In an unnamed megalopolis, citizens are going blind. A milky whiteness gradually blots out everything, so they lose sight not only of their families, friends, neighbors and acquaintances but of the contours and trappings of their daily lives. As they succumb, and as others fearfully quarantine them, one woman remains clear-eyed among the blind. She grapples with her almost godly powers—and unbearable responsibility—as a seer. And as her world crumbles into a messy urban dystopia, she labors to help people survive the horrors they can't see. She feeds, escorts, cleans, heals and tries to lead her flock toward survival.
Portugal's only winner of the Nobel Prize in Literature, José Saramago, created this chilling world more than a decade ago in his astounding novel "Blindness." It is an uncompromising and powerfully imagined parable set against the backdrop of human indifference. In a city racked by pandemic disease and the societal breakdown it causes, Saramago's nameless heroine and those around her struggle to retain their dignity. It is the sort of story that divides people between those who can't put it down and those who are too unnerved to continue reading. "I know a lot of people who can't finish the book because it is such a dark story," says the Brazilian director Fernando Meirelles. "I started reading the book and couldn't stop."
He quickly set out to obtain the film rights. But Saramago refused to sell them. That was in 1997, and he didn't know that Meirelles would go on to direct the acclaimed and gritty "City of God," or the romantic thriller "The Constant Gardener." Nor did he care; he wasn't ready to see his characters transposed into celluloid. Fortunately, time changed Saramago's mind; Meirelles says that "by chance" he was offered the project five years later. Now, 13 years after the novel was published in Portuguese, the film version is beginning to arrive in theaters. It's a challenging, surprisingly faithful and fascinating adaptation, imperfect yet thoroughly engaging.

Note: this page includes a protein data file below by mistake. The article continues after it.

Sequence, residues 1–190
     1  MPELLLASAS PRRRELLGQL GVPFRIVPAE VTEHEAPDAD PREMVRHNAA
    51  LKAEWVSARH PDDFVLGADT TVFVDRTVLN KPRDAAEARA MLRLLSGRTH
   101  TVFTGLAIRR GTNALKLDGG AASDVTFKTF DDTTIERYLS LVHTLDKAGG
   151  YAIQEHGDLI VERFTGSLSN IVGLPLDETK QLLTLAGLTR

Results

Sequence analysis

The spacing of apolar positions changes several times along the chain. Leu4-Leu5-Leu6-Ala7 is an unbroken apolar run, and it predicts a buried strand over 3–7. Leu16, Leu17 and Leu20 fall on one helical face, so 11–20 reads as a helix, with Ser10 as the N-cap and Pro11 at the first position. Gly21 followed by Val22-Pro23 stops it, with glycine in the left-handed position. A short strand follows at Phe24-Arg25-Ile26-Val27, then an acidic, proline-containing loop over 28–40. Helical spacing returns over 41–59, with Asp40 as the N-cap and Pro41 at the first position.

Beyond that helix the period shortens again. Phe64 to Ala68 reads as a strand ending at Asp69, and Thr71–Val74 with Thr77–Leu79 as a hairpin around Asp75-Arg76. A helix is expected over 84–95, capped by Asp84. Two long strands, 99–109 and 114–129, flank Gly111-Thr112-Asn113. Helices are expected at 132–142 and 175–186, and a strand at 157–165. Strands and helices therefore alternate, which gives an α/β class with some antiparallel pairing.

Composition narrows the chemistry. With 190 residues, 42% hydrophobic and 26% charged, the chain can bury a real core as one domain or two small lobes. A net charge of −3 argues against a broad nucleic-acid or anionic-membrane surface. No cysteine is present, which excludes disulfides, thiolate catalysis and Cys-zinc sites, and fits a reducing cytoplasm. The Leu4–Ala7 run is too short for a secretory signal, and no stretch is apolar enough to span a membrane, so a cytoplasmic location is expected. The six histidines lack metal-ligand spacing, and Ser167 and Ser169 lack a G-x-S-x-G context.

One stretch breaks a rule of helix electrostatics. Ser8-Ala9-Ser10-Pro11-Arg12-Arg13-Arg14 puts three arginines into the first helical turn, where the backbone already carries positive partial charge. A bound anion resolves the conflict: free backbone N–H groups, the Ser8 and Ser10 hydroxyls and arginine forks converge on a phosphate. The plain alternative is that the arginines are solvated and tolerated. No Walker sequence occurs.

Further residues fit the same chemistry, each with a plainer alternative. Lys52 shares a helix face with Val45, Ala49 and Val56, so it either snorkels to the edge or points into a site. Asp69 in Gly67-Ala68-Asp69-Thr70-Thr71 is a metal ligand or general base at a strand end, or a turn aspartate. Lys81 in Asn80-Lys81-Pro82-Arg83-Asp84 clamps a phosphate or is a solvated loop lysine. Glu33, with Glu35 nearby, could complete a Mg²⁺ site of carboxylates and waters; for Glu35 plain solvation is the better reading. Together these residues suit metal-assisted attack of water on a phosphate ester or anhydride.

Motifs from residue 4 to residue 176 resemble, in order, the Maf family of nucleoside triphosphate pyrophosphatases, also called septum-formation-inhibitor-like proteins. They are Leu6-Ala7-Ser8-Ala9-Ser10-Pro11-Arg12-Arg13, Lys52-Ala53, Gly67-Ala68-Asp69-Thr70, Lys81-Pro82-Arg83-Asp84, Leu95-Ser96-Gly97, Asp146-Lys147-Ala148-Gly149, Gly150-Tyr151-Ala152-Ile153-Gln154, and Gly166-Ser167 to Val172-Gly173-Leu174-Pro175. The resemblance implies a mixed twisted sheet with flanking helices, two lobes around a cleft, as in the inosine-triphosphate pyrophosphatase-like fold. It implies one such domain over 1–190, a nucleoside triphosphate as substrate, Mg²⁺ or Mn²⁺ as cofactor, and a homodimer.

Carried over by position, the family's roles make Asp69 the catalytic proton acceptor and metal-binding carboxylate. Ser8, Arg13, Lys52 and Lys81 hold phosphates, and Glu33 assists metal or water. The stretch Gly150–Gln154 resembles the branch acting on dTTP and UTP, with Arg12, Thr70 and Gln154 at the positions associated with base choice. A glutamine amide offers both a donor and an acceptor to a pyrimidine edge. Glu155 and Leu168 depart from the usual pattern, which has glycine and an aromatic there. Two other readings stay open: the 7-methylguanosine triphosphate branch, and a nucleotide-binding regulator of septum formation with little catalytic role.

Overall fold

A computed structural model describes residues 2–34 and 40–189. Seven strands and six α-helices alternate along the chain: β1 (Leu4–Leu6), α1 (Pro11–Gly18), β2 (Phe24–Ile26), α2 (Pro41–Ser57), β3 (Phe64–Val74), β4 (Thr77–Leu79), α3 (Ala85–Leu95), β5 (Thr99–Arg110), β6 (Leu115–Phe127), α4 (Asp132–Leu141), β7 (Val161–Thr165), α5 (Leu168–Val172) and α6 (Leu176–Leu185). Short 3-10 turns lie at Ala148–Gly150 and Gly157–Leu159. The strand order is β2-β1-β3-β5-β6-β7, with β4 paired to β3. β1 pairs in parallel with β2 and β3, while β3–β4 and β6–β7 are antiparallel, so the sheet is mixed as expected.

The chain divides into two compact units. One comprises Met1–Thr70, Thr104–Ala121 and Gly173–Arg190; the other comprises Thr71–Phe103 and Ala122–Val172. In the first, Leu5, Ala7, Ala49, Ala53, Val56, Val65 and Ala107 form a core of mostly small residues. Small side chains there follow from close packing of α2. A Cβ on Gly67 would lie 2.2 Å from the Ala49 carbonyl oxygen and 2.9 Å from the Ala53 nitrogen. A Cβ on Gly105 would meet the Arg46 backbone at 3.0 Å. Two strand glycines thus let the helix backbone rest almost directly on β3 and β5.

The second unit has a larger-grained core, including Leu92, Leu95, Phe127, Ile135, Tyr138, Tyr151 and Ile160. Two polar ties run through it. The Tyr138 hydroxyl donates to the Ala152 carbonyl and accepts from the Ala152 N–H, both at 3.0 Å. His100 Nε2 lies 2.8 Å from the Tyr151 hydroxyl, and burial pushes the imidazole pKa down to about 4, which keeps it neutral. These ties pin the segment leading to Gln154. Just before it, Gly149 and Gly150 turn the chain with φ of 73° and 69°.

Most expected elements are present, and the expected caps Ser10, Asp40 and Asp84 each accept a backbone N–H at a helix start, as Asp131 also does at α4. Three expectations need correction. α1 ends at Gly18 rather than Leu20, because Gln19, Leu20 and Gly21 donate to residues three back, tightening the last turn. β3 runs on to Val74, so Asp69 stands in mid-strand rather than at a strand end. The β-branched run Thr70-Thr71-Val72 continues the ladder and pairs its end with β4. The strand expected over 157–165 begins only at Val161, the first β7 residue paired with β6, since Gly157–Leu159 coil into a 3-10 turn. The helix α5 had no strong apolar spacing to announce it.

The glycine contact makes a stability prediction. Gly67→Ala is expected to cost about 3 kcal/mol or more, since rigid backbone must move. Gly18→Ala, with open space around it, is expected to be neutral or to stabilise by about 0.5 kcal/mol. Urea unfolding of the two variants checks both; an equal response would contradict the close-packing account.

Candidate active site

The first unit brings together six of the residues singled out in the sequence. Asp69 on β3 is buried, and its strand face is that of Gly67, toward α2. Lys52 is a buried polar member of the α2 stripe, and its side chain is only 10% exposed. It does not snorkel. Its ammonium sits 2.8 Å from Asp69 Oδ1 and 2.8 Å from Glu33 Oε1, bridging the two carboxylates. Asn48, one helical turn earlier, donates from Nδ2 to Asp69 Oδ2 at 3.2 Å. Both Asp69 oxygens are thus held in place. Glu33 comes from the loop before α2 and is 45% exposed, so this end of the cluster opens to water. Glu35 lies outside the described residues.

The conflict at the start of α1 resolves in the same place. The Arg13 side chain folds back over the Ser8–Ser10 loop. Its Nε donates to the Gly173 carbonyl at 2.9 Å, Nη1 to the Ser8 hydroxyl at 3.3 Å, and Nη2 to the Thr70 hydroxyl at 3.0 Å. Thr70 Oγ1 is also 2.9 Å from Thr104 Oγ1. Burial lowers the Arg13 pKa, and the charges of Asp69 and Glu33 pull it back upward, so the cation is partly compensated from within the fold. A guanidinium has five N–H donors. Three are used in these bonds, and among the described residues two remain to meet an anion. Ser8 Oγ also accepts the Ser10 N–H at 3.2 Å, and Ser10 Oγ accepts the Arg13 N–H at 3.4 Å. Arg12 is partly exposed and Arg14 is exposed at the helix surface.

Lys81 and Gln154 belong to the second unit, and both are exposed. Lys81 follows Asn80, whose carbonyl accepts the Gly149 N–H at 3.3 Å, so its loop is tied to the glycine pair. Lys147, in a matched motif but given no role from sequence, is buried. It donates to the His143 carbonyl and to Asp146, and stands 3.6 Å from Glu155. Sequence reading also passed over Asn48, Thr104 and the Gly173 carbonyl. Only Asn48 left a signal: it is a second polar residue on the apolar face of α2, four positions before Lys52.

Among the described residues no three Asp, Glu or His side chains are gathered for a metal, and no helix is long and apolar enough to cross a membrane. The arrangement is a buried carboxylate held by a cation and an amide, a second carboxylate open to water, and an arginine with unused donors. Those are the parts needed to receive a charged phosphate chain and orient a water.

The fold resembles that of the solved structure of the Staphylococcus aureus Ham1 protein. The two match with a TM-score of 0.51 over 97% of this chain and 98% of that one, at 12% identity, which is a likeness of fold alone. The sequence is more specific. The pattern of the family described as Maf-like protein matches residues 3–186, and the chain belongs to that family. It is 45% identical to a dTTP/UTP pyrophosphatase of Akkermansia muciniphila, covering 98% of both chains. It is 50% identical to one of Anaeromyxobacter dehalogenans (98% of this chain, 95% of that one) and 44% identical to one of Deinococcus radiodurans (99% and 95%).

In the film, the government responds to an apparent contagion of blindness by corraling the victims into an impromptu asylum. Quarantined, they create a nascent democracy based on solidarity, until overcrowding and a few bad seeds drive their nation-in-miniature toward an exploitative dictatorship that sparks an uprising.
Through it all, the seer (Julianne Moore), known only as "the doctor's wife," feigns sightlessness to be able to look after her blind husband. Early on, she plays the woman behind the man, caring for people while pretending that the doctor is. As the social structures disintegrate amid food shortages, sexual exploitation and a surreal power struggle inside the quarantine zone, the seer fully assumes her role as leader. Her battle is twofold: to help those around her retain some modicum of dignity, and then, when they return to the changed world outside, simply to survive.
Some directors might have been tempted to dull the story's jagged edges and play up the tale of sacrifice and hope at its core, but—to his credit—Meirelles resisted. He astutely recognized that the novel is about humanity coping with a truly oppressive force. (The overwhelming effect of a blind contagion on society bears surprising similarities to the role of the suffocating State in George Orwell's "1984.") The deeper point is that profound desperation strips human beings bare. And for those ready to wrestle with such rawness, this is a remarkably thought-provoking film.
It is also a flawed one. A rushed edit was screened at the 2008 Cannes film festival, to mixed reviews and complaints that it relied too much on a clunky voice-over. So Meirelles wisely eliminated most of the voice-over. But other problems remain. The opening sequence, depicting people in a hectic city spontaneously going blind, which plays so powerfully on the page, proves jarring on screen. The eminently talented Mexican actor Gael García Bernal relishes his role as the budding asylum dictator, but the character is too archetypal to be convincing. (It is underwritten in the novel as well.) And many moments of weighty contemplation in the book are sacrificed for efficient cinematic narrative, shortchanging Saramago's work.
But people looking for more can always read the novel. The film is an example of gutsy and ambitious risk taking of a sort that is all too rare. Held together by deft central performances (especially by Moore and Mark Ruffalo, who plays her husband) and propelled by Meirelles's elegant visual storytelling, the movie is well worth enduring some imperfections to spend time in Saramago's richly rendered universe. Meirelles now says he's glad that Saramago refused to sell the film rights in the late 1990s. "It would have been my first feature," he says, "and I think I wasn't prepared [emotionally] to do that film." Those who are emotionally prepared to watch it can only hope to learn its lessons before some form of blindness reaches them.